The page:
An aspect of Kentucky's public school accountability system is under increased scrutiny after the state Department of Education found that schools were scoring themselves too high in self-evaluations.
One result is that the education department in 2015-16 is auditing three times the number of schools it audited last spring.
In Kentucky, 20 percent of a school's and district's overall accountability score comes from a school's self-evaluation of how well it is teaching subjects such as arts and humanities and writing that don't lend themselves to paper and pencil tests. The self-evaluations — called program reviews — are state-mandated.
In a pilot audit of eight schools across the state, the education department found instances in which schools scored themselves too high in areas such as kindergarten through third grade, writing, practical living/career studies, and arts and humanities.
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"This finding indicates that schools do not understand the procedure for evaluating their programs," an audit report presented in June to the Kentucky Board of Education said.
The audit team disagreed with the school self-evaluation score 63 percent of the time, with every disagreement being an "overscore" by the school, said Karen Kidwell, program standards division director.
Kidwell said, for example, a school might have rated itself as "proficient," but the state determined in the audit that the school was actually in the "needs improvement" category.
"It's human nature," Associate Commissioner Amanda Ellis told the board in June. "You want to give yourself the benefit of the doubt."
Susan Weston, an independent education consultant based in Danville who has worked for the Prichard Committee for Academic Excellence and other education groups, said the findings present a "quite serious problem."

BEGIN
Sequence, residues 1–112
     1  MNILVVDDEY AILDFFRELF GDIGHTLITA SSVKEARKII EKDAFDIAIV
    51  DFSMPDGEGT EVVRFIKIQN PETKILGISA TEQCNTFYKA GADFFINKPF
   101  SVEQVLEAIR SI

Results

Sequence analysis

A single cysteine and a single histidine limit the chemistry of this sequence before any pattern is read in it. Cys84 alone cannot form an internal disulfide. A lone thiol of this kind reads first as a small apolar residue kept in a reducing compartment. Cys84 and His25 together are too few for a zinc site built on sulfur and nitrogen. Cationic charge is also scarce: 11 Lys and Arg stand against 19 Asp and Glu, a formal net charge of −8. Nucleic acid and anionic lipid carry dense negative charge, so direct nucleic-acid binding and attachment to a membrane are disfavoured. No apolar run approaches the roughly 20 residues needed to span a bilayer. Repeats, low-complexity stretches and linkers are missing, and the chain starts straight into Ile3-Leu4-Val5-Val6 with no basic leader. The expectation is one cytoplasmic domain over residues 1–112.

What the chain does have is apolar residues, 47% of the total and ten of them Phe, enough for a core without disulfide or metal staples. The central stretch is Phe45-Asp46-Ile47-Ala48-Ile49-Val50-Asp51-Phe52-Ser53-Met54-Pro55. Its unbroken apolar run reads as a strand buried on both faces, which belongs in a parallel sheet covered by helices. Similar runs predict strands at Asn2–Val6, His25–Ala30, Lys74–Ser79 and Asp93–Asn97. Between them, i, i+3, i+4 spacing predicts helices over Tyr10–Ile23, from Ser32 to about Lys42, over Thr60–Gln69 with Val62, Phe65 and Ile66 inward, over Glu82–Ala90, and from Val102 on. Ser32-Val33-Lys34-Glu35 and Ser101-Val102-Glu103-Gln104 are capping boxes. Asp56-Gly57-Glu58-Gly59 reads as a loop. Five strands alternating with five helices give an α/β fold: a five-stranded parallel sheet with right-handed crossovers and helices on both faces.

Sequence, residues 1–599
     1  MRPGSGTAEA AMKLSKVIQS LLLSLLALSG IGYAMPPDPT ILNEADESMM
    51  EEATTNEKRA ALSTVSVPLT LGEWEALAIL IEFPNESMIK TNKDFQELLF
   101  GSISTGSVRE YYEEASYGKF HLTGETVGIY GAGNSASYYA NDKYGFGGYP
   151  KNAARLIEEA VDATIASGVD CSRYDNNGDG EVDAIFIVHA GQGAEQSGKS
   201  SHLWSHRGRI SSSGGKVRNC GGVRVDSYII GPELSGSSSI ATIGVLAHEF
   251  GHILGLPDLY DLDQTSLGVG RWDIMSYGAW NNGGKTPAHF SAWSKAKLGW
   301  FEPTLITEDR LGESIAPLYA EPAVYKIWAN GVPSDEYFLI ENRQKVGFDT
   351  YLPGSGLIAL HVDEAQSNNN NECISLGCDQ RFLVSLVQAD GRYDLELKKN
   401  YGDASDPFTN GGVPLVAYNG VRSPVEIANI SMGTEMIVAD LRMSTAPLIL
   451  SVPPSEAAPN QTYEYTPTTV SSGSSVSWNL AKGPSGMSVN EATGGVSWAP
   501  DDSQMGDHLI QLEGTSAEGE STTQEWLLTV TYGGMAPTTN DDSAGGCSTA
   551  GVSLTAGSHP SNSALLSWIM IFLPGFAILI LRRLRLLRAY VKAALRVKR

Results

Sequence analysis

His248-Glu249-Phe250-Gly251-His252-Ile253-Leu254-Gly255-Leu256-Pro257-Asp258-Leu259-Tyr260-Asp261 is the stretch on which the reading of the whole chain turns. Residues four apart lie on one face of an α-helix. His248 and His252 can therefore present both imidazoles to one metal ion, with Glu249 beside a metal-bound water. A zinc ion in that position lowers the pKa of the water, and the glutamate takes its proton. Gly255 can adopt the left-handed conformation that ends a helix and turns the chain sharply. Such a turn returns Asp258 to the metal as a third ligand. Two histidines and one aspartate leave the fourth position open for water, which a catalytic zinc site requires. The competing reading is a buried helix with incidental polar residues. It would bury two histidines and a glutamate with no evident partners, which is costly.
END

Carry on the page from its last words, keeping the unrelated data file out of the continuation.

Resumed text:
"It's quite a big deal because we currently don't have a system that is working," Weston said. "The big problem is not that they put down the wrong number. The big problem is if everyone is saying that their program is great, they are not saying, 'how can we make them better.' "
"It's what's better for kids that we ought to keep our attention on," she said.
State officials are reminding schools that one purpose of the program review is to improve the quality of teaching and learning.
Several state school board members said at their June meeting they were concerned by the findings.
Board chairman Roger Marcum said Friday in an interview that he was concerned about whether program reviews provided an accurate reflection of the quality of programs.
"We'll consider all options, but we want to see what we can do to improve the process," Marcum said.
The eight schools were selected by state officials based on a number of demographic and achievement indicators. Beginning with this school year, the state will audit 24 schools. State officials should be doing even more audits, Weston said, but the education department does not have the resources for that.
Weston said the state should consider having people in the community with expertise in certain fields conduct independent audits so that the scores of more schools could be scrutinized.
The audit report said the state might need to consider changing school ratings and accountability results "when schools are found to be over-rating and are not responsive to recommendations."
No schools have faced sanctions because of the audit, but Ellis told the board that in the future, overscoring could be considered a testing violation.
"It's concerning to us, but we don't think it's not something that can't be fixed," said Kidwell. She said schools could benefit from more training on the program reviews.
Ellis told the Kentucky school board members that the state would provide better guidance to schools. Also Kidwell said the schools in the pilot were open to the audit team's suggestions and wanted to improve their programs.
Bourbon County High School in Paris was one of the schools audited.
"It was a learning process for both entities," and Neely Traylor, Bourbon County curriculum and instruction supervisor.
"We wanted to see if we were aligned with what they think proficient is and they gave us feedback to say, 'This is why it would not be proficient,'" said Traylor.
"We still feel like we are (proficient) but we can collect better evidence to support that rating," Traylor said.
Madison Middle School in Richmond was also audited.
No one intentionally computed incorrect scores, said Steve Evans, Madison County's district assessment coordinator. Evans was also Madison Middle Schools' principal last school year.
School staff and the audit team were looking at the same material and coming up with different scores, because there are 'value judgments" and gray areas, Evans said in an interview.
"We felt like our scores were accurate,' Evans said "I can see their side and I think they can see ours."